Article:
Looking back on 2012, the poultry industry has not been without its difficulties. Unfavorable climatic conditions have continued to add to feed price inflation, the economies in developed nations have been sluggish at best, and demands for producing taking ever greater account of animal welfare showed few signs of abating.
Yet, there have been a number of milestones and celebrations also. Of course, I have to mention that Poultry International celebrated its 50th anniversary, and we are grateful for the support and positive feedback that the September celebratory issue generated.
In addition to this, 2012 saw the World’s Poultry Science Association celebrate its centenary and I also would like to extend my thanks to all those that contributed to, and helped to organize, the special article that we ran in the July issue of the magazine.
In late September, another anniversary celebration took place, this time at the United Nations General Assembly, where figures from the fields of nutrition and development gathered to recognize the role of micronutrients in alleviating malnutrition and advancing global health and sustainable economic development.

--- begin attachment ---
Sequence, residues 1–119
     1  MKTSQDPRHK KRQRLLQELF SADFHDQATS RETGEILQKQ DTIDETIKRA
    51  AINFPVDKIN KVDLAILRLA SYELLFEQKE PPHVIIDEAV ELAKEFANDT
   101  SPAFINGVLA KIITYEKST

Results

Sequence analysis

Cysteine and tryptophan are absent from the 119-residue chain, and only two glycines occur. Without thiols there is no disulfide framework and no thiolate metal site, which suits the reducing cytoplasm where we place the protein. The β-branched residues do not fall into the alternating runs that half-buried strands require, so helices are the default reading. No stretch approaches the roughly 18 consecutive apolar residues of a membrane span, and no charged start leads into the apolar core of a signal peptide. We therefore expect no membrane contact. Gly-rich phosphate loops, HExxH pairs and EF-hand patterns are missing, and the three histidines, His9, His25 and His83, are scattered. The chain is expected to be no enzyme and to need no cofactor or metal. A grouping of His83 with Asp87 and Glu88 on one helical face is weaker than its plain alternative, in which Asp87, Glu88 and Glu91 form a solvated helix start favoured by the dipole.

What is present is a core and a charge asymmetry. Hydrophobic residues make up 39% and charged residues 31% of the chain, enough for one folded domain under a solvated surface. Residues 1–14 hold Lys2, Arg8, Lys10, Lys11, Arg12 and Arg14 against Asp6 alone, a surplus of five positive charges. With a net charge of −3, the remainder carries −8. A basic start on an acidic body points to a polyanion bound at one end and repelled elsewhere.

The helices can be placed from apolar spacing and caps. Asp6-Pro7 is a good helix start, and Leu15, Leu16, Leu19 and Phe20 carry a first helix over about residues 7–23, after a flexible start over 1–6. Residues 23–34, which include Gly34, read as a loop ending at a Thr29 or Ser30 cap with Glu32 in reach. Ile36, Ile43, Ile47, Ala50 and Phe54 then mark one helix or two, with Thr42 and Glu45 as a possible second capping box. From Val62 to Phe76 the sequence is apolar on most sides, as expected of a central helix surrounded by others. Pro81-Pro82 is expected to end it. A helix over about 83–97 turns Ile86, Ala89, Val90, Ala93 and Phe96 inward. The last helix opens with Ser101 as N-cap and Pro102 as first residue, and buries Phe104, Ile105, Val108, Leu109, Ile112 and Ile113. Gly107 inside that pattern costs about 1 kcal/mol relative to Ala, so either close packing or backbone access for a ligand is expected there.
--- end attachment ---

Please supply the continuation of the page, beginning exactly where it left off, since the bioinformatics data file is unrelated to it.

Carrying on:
The term “vitamin” was coined in 1912, yet despite the importance of vitamins for growth and health, at least two billion people around the world experience hidden hunger, ie they do not receive vitamins and minerals in sufficient levels. And this situation is not only in the developing world – changing diet and lifestyles mean that insufficient intake of vitamins and minerals is increasingly common in the developed world.
DSM, the host of the UN event, is seeking to raise awareness and increase access to essential vitamins noting that investment in nutrition can raise a country’s gross domestic product by at least 2-3 percent per annum.
So while the poultry industry may have had, and continues to have, its difficulties, there are various factors at play that indicate a positive future. We hear again and again of growing income levels and middle class tastes in the developing world. And solving nutrition issues, it would seem, could act as a virtuous circle. This can only bode well for poultry producers.
However, we read less about the hunger in the developed world. Consumers’ inability to eat healthily in the developed world surely offers the poultry industry an opportunity where everyone can be a winner.
We all know that poultry meat is seen as the healthy option without the negative associations that are sometimes attributed to red meat. Eggs also now have a clean bill of health. The role of these two foods, therefore, should become more important, irrespective of how an economy is categorized. While these two foods are already great sources of nutrition, there are also possibilities for enrichment, which not only offers differentiation but could help to remedy deficiencies for some populations.
So while it is nice to look back on the year and note the celebrations and milestones that have been achieved, it is also good to look to the future with an eye on the opportunities and the possibility for even more celebrations.